Dina found this article in the leftist Washington Post, of all places. The author explains how her husband lovingly helped her to recover from her Caesarian section. He actually had to to carry her to and from the bathroom, very slowly. Until she was better.
At the time, I thought: This is why I married this man. Not for his fabulous head of hair or his beautiful, light-brown eyes — though those things were certainly bonuses. But no. It was his gentleness, his thoughtfulness, his loving heart, his caring nature that sealed the deal for me.
As a dating coach who works with singles in their 20s to 50s, I see a lot of people focusing on superficial things that have little to do with a potential partner’s character. I get it — I once obsessed over those things, too.
Most of all, I see how the trap of chemistry can lead people astray. Chemistry is important, but as far as relationships go, it’s only half the equation.
So how do you look for these deeper, more important qualities in the early stages of dating? Some might argue there’s no way to tell in, say, the first several months of dating someone — after all, it is the honeymoon stage — if this is the type of person who will help you onto the toilet during times of trial. I disagree.
Looking back to the early days of dating Dave, all the signs were there. He treated my friends with care and kindness, which showed me he had the ability to be compassionate. The way he scoured the Internet for the perfect gifts for my parents and nephews showed me his thoughtful, generous side. He rubbed my back and wiped my tears after I suffered a heart-wrenching squash match loss, showing me that validating my feelings was important to him (even if I’m the most competitive person alive and it was just a squash match). He listened to me vent after a difficult fallout with a colleague, showing me he was ready and willing to be a part of my support system.
When he stayed up until the early hours of the morning, helping me with Web site issues relating to my coaching business, I knew I’d found someone who would support me in my professional goals as well as physically and emotionally. When he held my hands and said “We’ll figure it out” while I was dealing with a frustrating medical situation, that was probably my biggest clue that he’d be so supportive in that hospital room years down the line.
Singles should keep their eyes open for these signs. They’re more telling than a person’s job, salary, ambition or education; whether he or she is the “right age”; has the perfect body; or can dazzle you with their charm and wit.
Keep your eyes open for the type of person who one day might lovingly help you onto the toilet.
When you are married, the amount of time you spend having fun and feeling thrilled is minuscule. The real problems you face are money problems, sex problems, in-law problems, holiday problems, parenting problems, etc. Most often in marriage hard stuff needs to get done. Compromises need to be made. There is actually very little fun and thrills. If you want to prepare for most of what marriage is about, then it’s best to focus on responsibilities, expectations and obligations. Spouses need each other, and the ability to sense someone else’s needs and to care for them, even when it’s not fun for you, is non-negotiable.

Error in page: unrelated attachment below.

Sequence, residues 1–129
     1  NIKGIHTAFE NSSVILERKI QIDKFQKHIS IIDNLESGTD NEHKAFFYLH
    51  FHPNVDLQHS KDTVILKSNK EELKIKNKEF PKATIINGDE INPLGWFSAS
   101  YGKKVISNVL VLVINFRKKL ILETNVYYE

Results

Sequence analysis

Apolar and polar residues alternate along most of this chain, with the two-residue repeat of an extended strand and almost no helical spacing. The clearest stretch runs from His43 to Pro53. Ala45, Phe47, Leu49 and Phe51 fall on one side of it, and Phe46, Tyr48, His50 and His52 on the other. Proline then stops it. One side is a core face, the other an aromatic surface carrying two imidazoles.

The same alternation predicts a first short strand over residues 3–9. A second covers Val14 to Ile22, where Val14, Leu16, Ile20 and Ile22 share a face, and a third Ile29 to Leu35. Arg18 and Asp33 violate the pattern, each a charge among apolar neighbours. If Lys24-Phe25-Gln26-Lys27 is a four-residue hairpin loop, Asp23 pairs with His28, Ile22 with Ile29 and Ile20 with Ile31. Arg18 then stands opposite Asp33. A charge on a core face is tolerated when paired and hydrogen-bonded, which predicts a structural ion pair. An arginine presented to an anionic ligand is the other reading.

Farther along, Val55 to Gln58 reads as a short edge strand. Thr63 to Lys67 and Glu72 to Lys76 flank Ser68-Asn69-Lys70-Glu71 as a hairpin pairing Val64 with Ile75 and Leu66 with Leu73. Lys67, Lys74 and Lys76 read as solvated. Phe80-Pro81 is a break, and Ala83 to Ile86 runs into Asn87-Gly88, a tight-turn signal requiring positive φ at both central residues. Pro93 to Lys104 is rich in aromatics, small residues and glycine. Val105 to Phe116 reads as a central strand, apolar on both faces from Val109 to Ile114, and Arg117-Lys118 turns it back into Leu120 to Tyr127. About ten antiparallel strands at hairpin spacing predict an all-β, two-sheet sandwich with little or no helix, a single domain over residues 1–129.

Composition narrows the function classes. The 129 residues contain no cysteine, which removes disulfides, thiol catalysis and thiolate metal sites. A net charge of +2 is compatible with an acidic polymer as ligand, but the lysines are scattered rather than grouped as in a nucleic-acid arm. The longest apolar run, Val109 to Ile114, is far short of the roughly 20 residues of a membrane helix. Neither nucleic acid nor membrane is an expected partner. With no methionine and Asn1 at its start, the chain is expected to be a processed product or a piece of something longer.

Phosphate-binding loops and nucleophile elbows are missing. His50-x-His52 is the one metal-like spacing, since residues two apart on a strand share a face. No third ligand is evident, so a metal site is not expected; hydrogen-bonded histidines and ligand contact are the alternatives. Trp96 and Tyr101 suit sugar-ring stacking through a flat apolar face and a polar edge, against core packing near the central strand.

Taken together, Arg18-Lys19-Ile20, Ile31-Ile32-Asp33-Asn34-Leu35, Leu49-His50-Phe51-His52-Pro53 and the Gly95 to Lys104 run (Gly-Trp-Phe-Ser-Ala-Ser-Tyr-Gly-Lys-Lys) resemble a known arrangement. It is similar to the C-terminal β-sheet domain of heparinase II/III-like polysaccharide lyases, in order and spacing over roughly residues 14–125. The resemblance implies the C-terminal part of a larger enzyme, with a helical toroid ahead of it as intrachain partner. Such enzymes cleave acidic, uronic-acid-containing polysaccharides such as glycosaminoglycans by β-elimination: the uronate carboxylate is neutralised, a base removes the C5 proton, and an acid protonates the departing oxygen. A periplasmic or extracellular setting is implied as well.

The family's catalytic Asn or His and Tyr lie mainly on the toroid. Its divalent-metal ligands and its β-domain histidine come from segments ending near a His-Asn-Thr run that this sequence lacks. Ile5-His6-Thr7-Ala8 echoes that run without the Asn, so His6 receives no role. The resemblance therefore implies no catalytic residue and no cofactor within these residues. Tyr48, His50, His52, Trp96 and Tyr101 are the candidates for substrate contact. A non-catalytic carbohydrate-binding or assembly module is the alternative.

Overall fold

The bottom line for people to understand is that you can’t be a selfish fun-seeking, thrill-seeking, FOMO-traveling hedonist all your life, and then jump into marriage at the last minute. You have to mature and grow your character so that you are ready for the responsibilities, expectations and obligations that marriage requires. If you go through your 20s and 30s always doing what feels good “in the moment”, then don’t expect that any last-second desperate marriage will last. You are are the person who makes all the decisions before you marry. If your repeated pattern of decision making is to do what feels good “in the moment”, then you won’t suddenly be able to turn into a person who is comfortable with doing what marriage requires of you. You have to form your character first so that you are comfortable with what marriage requires of you.
Believe me when I tell you that some women who hate the things I write are now divorced, unemployed and running short of money because they thought that following their heart was the right approach to life. If you’re not practicing how to deny your own self-interest and practicing how to build up the people around you to practice for marriage, then your marriage won’t last. If you push away people who are wiser than you are, so that you can follow your heart, your marriage won’t last. If you think that you have to delay marriage in order to tick off items on a list of impressive, fun things that the feminist culture says are “more important” than marriage, then your marriage won’t last. The prerequisite to a successful marriage is growing up.